• Unforeseen obstacles beneath snow
  • Unexpected corners, intersections and stops
  • Road and railway crossings
  • Logging/Forestry operations
  • Snow banks and drifting snow
  • Trees and branches on the trail
  • Bridges and approaches
  • Wildlife and domestic animals
  • Other trail users ( skiers, hikers )

DON'T DRINK AND RIDE
1. Snowmobiling requires alertness, caution and attention. Your reaction time and ability to control your sled can be drastically affected after consuming even small amounts of alcohol. Alcohol can affect perception, reaction time, and response to unexpected situations. Alcohol is involved in over 70% of snowmobiling fatalities.
2. Alcohol increases your susceptibility to cold and hypothermia. Snowmobilers often have access to remote locations miles away from help. If a situation should occur where help is needed, your chances of survival and treatment of injury can be greatly affected. Don't let alcohol be a contributing factor to your fate.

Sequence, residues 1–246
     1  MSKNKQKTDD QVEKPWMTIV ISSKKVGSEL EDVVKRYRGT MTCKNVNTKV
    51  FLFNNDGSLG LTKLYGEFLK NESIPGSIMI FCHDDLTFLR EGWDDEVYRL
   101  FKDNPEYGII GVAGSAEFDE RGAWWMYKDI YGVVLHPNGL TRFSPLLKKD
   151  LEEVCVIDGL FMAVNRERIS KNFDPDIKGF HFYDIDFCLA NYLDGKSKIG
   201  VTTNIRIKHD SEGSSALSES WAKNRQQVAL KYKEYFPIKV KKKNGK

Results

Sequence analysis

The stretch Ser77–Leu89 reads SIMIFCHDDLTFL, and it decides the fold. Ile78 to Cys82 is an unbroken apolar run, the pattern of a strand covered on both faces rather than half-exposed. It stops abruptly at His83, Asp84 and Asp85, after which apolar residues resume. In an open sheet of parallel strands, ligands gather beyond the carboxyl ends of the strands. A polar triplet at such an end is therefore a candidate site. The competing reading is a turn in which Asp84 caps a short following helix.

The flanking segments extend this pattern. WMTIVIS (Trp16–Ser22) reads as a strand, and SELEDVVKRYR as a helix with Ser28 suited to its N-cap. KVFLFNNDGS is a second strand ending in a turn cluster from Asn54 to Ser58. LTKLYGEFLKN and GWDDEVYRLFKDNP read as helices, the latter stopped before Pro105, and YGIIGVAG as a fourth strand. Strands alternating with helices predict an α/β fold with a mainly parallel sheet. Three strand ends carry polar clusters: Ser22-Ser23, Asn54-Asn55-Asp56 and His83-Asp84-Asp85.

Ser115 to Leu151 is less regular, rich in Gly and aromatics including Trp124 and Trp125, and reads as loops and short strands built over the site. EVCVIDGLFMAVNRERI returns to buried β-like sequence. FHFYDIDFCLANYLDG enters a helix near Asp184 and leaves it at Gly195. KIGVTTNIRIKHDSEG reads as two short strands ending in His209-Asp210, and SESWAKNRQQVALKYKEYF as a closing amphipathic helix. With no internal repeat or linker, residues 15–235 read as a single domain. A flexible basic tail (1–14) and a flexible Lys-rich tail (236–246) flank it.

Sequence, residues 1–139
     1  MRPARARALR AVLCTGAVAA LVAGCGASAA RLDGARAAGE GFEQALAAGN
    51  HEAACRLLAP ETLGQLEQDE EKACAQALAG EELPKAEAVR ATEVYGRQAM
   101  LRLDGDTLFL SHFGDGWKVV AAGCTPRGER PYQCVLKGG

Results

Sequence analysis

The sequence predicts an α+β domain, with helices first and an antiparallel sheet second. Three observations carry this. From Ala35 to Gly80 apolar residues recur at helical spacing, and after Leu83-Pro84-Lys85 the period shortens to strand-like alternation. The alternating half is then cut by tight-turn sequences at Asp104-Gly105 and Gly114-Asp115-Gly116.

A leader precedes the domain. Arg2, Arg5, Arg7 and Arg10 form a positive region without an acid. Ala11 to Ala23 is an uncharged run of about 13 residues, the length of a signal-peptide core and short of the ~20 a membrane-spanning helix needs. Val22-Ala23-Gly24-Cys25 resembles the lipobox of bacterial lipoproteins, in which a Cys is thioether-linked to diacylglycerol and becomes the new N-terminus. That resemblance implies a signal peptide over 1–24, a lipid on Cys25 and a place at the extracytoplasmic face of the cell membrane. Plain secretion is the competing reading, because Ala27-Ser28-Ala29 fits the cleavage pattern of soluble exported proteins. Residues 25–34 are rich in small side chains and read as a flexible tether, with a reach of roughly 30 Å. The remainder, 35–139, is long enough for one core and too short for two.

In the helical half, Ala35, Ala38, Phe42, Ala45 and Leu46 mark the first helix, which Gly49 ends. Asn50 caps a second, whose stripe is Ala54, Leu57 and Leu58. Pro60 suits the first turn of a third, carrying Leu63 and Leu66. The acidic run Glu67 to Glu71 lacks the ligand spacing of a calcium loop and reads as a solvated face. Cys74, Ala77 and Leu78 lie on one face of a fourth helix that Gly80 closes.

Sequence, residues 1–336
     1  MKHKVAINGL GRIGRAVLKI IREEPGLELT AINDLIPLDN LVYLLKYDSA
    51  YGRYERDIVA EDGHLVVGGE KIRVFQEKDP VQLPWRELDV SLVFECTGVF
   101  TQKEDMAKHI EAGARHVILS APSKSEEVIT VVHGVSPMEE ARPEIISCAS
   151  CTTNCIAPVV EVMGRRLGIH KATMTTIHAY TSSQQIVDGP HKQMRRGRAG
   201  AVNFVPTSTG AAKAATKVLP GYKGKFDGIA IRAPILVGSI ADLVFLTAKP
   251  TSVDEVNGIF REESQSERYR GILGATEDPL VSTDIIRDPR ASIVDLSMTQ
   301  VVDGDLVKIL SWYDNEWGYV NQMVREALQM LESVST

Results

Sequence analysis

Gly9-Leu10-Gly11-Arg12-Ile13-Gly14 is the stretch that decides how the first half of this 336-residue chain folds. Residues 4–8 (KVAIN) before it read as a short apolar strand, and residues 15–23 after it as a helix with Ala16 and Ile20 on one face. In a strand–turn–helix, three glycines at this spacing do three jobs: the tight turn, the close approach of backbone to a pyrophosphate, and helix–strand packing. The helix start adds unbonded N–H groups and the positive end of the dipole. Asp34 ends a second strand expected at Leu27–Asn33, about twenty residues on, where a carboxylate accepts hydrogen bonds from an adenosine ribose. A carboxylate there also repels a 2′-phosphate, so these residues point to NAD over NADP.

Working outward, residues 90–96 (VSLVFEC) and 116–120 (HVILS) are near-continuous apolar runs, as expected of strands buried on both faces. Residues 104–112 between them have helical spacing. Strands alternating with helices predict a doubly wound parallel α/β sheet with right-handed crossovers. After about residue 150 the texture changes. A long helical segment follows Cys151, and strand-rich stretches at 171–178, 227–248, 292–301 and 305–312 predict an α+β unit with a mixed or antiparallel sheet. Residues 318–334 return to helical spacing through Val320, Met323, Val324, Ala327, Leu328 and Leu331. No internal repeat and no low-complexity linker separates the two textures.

3. Operating your sled under the influence of alcohol is punishable under the Criminal Code of Canada. The Off-Road Vehicle (ORV) Act now mirrors the Highway Traffic Act. If convicted of driving a snowmobile while impaired, you will lose all driving privileges (car, truck, motorcycle, off-road vehicles and snowmobiles). Therefore if you drink and ride both your driver's licence and insurability are at risk.
4. COPs On Snow is a non-confrontational patrol of volunteers acting as the eyes and ears of the law. They are on the trail to offer assistance to the snowmobiling public by distributing maps and brochures. They will also document any infractions they may witness to raise awareness to the need for increased enforcement upon our trails. In the event they see a situation potentially dangerous to other trail users they will alert the local police agency to request apprehension. This program will continue to expand into more communities throughout Manitoba.

Night Riding
A disproportionate number of snowmobiling incidents, including nine out of ten fatalities, occur after dark.
Forward visibility is reduced by darkness and it is much more difficult to spot and identify potential hazards in time. Overdriving headlights can also be a serious problem, so slow down when snowmobiling after dark. Becoming disoriented or lost is much more likely at night. Ride with individuals familiar with the area.